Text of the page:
An Amusing Conversation

prozac-nation-400x400Akshaya Pillai: Have you read about bipolar disorder?

Shanu Athiparambath: Yes. I have read a book.

Akshaya Pillai: Can you pass it?

Shanu Athiparambath: Yes. Now.

Akshaya Pillai: 🙂 Whenever you are free. I am keen on reading about it.

Shanu Athiparambath: Why so? I read about all sorts of so called mental disorders.

Akshaya Pillai: Rahul’s father was diagnosed with bipolar disorder. He talks a lot about it. And it sounds very interesting. I do not usually read any of this, like you know.

Shanu Athiparambath: I see. His father must be reasonably old. I think most men and women of that generation are somewhat socially adjusted.

Akshaya Pillai: The doctor here said that it runs in the family.

Akshaya Pillai: He has extreme highs and lows. When he is high, he’d invest a lot, he’d take big decisions, buy a big car, spend, he will have a lots of friends, he’d be loud and social, he’d do a lot of stuff, he’d be confident then, over confident

Shanu Athiparambath: Yeah. That is how it is. They have highs and lows. They can also be very meek when they have lows, and arrogant when they have highs. But, the way you expressed it is very accurate. When we had the conversation on Asperger, you said: “I thought these are mere preferences.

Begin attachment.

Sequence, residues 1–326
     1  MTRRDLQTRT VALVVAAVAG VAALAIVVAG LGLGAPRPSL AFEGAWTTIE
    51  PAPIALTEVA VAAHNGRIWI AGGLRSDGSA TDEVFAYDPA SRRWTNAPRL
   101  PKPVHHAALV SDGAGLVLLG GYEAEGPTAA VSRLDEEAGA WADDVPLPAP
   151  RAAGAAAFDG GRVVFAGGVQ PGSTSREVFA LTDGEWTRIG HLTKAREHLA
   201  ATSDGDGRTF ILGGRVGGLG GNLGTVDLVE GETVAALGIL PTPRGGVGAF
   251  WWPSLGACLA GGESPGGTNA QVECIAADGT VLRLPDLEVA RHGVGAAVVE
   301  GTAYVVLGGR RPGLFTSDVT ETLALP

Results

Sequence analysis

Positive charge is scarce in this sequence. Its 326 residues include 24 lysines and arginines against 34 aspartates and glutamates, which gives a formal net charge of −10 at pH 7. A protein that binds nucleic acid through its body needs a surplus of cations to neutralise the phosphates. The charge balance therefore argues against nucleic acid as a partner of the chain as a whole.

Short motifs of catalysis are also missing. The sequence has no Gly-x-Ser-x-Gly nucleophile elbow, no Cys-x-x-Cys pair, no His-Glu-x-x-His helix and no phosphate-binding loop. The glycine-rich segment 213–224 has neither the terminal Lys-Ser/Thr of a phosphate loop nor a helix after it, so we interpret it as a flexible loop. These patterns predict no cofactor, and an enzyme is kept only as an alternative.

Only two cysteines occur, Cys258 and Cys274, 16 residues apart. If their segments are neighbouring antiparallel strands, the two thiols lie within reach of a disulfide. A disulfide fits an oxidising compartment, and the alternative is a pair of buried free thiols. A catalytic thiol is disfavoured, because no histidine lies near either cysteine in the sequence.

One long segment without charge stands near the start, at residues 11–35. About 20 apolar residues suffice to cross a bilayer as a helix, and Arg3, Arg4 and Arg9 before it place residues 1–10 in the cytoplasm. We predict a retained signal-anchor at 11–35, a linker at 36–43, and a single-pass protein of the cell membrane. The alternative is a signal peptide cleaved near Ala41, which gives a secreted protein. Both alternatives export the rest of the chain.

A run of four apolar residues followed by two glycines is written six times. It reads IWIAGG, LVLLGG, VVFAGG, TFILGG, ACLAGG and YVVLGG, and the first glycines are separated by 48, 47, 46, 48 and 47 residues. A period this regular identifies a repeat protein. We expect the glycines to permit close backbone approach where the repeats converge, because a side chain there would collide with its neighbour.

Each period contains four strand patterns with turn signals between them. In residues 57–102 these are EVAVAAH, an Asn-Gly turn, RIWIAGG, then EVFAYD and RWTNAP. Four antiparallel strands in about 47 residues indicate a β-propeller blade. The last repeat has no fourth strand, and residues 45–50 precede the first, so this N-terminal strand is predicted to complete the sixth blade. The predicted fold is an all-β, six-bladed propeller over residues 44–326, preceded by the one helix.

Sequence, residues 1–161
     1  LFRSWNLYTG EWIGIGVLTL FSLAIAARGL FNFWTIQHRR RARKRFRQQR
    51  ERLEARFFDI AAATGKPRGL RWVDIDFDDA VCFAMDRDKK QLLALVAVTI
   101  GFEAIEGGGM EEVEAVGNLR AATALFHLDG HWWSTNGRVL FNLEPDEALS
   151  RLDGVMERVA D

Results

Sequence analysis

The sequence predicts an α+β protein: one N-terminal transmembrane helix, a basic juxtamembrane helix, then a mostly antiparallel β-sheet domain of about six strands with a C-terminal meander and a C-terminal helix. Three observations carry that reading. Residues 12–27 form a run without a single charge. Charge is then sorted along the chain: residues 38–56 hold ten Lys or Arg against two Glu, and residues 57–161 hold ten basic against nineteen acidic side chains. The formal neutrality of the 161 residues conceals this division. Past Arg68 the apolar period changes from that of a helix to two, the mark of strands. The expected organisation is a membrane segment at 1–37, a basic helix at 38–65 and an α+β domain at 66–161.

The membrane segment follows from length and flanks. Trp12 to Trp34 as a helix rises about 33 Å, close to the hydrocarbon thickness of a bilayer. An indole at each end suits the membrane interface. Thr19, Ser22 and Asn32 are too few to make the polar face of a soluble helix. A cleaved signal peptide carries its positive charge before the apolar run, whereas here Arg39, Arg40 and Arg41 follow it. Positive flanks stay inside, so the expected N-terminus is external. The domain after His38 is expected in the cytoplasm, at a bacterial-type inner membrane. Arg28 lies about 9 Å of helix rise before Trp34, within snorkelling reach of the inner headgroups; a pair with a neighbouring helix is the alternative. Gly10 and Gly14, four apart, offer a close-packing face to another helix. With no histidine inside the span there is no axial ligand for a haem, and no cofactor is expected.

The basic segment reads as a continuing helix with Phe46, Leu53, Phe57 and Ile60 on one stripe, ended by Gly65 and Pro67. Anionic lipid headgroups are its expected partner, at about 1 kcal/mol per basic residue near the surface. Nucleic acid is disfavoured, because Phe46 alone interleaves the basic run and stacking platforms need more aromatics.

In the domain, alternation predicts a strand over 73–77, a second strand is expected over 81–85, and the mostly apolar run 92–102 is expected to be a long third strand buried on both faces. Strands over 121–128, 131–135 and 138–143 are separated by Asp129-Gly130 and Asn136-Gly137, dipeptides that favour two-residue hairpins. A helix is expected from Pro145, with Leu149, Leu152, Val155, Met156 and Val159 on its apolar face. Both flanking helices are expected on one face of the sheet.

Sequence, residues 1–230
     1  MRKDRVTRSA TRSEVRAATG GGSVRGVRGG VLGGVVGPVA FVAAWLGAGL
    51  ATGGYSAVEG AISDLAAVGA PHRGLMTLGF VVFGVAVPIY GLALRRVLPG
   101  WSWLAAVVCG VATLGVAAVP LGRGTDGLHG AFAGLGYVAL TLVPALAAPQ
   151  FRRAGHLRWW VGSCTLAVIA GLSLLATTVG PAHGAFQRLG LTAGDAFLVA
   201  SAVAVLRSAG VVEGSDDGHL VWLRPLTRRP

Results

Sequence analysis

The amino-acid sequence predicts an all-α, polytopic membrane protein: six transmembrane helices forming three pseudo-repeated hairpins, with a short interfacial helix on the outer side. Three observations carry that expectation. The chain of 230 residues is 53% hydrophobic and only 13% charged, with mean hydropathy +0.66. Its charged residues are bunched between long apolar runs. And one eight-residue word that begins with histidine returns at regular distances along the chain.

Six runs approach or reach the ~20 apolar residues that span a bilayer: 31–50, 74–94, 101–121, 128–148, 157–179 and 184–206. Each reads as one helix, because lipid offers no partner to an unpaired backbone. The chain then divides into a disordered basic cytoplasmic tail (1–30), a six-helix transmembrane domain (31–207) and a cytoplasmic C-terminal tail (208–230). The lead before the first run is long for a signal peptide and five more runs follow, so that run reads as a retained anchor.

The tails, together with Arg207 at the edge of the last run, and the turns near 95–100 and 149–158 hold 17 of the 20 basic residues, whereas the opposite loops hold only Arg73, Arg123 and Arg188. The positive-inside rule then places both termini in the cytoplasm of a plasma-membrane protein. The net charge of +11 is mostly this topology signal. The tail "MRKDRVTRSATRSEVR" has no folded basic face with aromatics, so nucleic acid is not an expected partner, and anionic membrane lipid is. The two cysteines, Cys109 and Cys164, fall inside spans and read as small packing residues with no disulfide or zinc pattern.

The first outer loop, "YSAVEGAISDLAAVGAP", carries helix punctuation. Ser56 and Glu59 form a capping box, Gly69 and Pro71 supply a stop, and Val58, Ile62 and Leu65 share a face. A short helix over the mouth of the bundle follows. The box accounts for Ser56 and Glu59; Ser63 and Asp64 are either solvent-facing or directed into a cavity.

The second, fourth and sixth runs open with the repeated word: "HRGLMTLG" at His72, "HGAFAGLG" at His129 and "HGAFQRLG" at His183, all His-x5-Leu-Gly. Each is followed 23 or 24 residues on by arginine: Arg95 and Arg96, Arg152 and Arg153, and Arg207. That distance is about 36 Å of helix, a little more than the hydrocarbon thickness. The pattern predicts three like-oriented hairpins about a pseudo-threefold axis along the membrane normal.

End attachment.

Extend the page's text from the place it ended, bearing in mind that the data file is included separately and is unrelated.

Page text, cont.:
Shanu Athiparambath: Szasz said that absurd beliefs shared by millions are “healthy”; equally absurd beliefs held by a lone individual are “sick.”I do not think Indian psychologists know anything. Have you ever been to shrinks?

Akshaya Pillai: Nope. I have once told my parents that they should consider meeting a shrink or split ways. But there is such a stigma here associated with going to see a shrink

Akshaya Pillai: I think I will like “An unquiet mind”. And it is such a coincidence

Shanu Athiparambath: I see. Did you start reading it?

Akshaya Pillai: Rahul Pillai just told me this evening that he is reading it.

Shanu Athiparambath: Oh. Great

Akshaya Pillai: And when I came back

Shanu Athiparambath: It is one of the famous works

Akshaya Pillai: You had mailed it.

Shanu Athiparambath: I do not think he must have got a hard copy. What happened with his father?

Akshaya Pillai: He does. He has a hard copy.

Shanu Athiparambath: I see. How? Is it available in book stalls in Trivandrum?

Akshaya Pillai: I think he ordered the copy for his did. His dad has a bigger illness. He is a COPD patient.

Shanu Athiparambath: I see. Are both connected? I read a review on Prozac Nation. A good review. The reviewer says that if you read the book carefully, she is just a normal girl who is responding to the situations in her life.

Post Script: This is a classic case of indirect communication. What she is trying to tell is that her father has bipolar disorder and that he has a much greater disease. And whether I would just take her. Haha. Why do I post this?  Ask me why!

 

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